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4 ways to combat Imposter Syndrome in sport

4 ways to combat Imposter Syndrome in sport

4 min read
  • Leadership & teamwork
  • Sport psychology

Ever felt like you don’t belong at the level that you are competing at? Or that at any moment, people will work out that you have bluffed your way there? 

This phenomenon is known as the Imposter Syndrome, and even those at the very top of their game feel it. Imposter Syndrome is characterised by feelings of anxiety and thinking that: 

  • You are not as talented as others believe
  • Your success is down to luck, not hard work and ability
  • One day, you will be exposed as a fraud

With lots of social comparisons about performance and ability, their impact on some athletes’ fear of failure and the pressures of perfectionism common in elite sport, it’s no surprise that Imposter Syndrome is so prevalent these days.

A lot of the athletes we work with mention that they feel like they have Imposter Syndrome or describe some of the characteristics of it. Whilst they often ask “how do I fix this?”, often it’s not about fixing it. Sometimes, it’s about managing it to start with.

So, how do we do this and what advice do we give to our athletes?

4 ways to manage Imposter Syndrome in sport

1. You are the reason behind your success 

The first way to start dealing with your Imposter Syndrome is to start attributing your success to you. Lots of athletes that we work with tend to put their success down to other factors such as luck, opponents performing badly, favourable conditions… But the reality is that they have performed well and trained well.

This means that it’s important to keep reminding yourself of how you have contributed to your success. Here are some ways that we do this with our athletes: 

  • Write down small wins throughout the year – what went well at training and at events. Then, you can reflect on this before big events or after you experience a success. 
  • Have lots of conversations with your support team and loved ones about what is going well and reflect on why that is. 
  • Talk to yourself in a positive and helpful way to remind yourself that you belong. 

2. Watch out for comparisons 

In the world of sport, it’s very easy to end up comparing yourself to others. It’s never been easier to keep up to date with how others are performing, be this through stats, highlights, times, distances or even ratings.

Whilst it may at times feel like these things have an impact on you, the reality is that it’s difficult to focus on you and your performance when you have these things in mind. What this often leads to is athletes feeling as though they need to prove themselves rather than focus on improving themselves and this can add pressure which can make it harder still to perform. So, here’s the sort of messages we share with our athletes:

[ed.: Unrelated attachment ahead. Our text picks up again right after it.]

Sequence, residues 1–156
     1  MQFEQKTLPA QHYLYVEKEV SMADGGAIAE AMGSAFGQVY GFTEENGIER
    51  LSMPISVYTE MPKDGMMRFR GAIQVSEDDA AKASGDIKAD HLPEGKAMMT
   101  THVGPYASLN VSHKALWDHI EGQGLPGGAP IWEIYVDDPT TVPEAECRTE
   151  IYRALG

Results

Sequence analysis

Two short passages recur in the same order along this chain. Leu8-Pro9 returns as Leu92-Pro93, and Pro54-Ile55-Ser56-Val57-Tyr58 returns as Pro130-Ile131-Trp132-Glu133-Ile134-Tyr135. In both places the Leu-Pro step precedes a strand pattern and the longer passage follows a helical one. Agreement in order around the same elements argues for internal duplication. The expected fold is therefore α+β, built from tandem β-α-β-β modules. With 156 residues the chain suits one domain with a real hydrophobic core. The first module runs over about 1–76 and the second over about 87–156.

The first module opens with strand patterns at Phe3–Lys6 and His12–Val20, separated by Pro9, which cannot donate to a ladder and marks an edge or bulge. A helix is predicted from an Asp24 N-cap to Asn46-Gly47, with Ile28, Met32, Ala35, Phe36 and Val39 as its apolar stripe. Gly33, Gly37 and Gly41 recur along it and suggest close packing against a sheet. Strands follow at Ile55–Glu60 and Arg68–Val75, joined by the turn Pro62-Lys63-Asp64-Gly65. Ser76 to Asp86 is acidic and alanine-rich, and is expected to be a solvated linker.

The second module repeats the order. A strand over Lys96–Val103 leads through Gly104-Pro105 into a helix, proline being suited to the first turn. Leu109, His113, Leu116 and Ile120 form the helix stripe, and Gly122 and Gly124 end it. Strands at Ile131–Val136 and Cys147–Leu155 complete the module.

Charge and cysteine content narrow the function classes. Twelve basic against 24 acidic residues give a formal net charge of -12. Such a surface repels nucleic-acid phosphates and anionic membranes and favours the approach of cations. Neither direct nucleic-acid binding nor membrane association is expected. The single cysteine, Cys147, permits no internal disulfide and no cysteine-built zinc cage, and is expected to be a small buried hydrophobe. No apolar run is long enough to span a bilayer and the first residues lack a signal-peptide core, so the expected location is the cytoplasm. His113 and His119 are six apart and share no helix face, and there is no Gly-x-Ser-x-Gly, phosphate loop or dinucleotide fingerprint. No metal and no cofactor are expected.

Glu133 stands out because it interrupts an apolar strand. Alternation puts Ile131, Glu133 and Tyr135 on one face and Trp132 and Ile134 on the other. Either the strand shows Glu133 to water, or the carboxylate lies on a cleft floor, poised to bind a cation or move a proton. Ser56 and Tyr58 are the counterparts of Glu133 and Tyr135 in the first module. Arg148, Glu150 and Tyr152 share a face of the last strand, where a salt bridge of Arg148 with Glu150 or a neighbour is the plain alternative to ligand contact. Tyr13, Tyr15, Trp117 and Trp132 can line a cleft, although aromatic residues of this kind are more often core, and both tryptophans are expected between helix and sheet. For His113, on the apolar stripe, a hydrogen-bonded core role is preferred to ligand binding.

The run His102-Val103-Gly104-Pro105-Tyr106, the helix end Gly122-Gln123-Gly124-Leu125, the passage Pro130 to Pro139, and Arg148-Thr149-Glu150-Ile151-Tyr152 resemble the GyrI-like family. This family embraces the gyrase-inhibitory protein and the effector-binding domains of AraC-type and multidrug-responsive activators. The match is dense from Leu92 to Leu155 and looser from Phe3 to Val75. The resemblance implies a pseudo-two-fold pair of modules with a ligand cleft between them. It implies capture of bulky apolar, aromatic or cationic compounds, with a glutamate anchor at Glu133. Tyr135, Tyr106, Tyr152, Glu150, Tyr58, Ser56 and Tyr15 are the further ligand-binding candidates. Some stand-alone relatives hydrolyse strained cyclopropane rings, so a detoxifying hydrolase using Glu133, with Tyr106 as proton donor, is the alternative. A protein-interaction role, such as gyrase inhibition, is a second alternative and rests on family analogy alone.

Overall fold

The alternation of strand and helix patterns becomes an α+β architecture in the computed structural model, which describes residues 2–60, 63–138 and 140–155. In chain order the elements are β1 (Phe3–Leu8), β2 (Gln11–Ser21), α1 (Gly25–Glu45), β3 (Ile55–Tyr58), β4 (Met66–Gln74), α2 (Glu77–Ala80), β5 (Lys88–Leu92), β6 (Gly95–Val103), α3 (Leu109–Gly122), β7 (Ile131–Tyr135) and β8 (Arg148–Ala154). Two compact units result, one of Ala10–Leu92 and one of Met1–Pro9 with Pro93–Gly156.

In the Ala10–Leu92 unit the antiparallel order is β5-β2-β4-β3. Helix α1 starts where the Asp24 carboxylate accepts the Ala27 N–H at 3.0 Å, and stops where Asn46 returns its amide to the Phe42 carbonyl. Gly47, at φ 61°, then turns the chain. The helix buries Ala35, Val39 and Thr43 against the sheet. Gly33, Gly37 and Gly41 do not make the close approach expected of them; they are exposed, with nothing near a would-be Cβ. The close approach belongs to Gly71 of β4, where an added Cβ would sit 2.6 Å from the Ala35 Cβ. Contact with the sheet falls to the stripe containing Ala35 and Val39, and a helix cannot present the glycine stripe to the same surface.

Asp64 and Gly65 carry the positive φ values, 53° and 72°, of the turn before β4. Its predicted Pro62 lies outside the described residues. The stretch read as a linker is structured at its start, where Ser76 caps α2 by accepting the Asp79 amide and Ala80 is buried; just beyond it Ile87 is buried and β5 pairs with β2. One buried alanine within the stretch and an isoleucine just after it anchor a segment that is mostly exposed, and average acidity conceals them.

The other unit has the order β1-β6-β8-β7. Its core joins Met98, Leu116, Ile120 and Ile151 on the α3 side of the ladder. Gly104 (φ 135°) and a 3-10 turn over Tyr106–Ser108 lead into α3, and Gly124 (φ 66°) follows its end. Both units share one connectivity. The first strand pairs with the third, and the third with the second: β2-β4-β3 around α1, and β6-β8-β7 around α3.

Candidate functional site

• Learning isn’t linear – no one learns and develops as the same rates
  • Focus on what you need to do well to perform at your best instead of others
  • Do you think others are focusing on you? If not, why? 

3. You are a work in progress

It’s very rare that any athlete we work with can’t get better at something. In this sense, they are never a finished product and can always focus on something to develop.

For example, for younger athletes, we know that the teenage brain works differently to adults. For older athletes, their position or strength in their sport might change, which brings a renewed focus on learning and development.

In some areas of psychology, we suggest that anything we learn and develop quickly, we often lose quickly too. Some things might take a while to develop, but that is okay. Here are some things we work on with our athletes to help with this:

  •  Every season, we focus on main areas of development as an anchor point to refer to
  •  Reflect on learning and development, not outcomes
  •  Praise helpful behaviours that link to learning

4. Fail better 

In sport as in life, it’s inevitable that at some point you are going to fail or underperform. The good news is that there is growing evidence that when framed correctly, failure can help to develop key psychological characteristics such as motivation, resilience, empathy and metacognition.

Whilst our advice isn’t to go out and fail, it is certainly to make sure you learn from it when it inevitably happens. So, here are some ways to do that:

Train your mind as well as your body. Unlock your full potential with sport psychology coaching.

Final thoughts

Whilst it’s important to recognise it when you start to feel like an imposter in your sport, it’s not good enough to stop there. You should be proactive and use the people around you to help you to combat these feelings.

So, use the easy tips above to try and work on how you feel or to help others along the way, or get in touch with our team of sport and performance psychologists to chat about how we can help you overcome these challenges.

About the editor

Bradley Busch

Bradley Busch

Bradley Busch is a Chartered Psychologist and a leading expert on illuminating Cognitive Science research in education. As Director at InnerDrive, his work focuses on translating complex psychological research in a way that is accessible and helpful. He has delivered thousands of workshops for educators and students, helping improve how they think, learn and perform. Bradley is also a prolific writer: he co-authored four books including Teaching & Learning Illuminated and The Science of Learning, as well as regularly featuring in publications such as The Guardian and The Telegraph.

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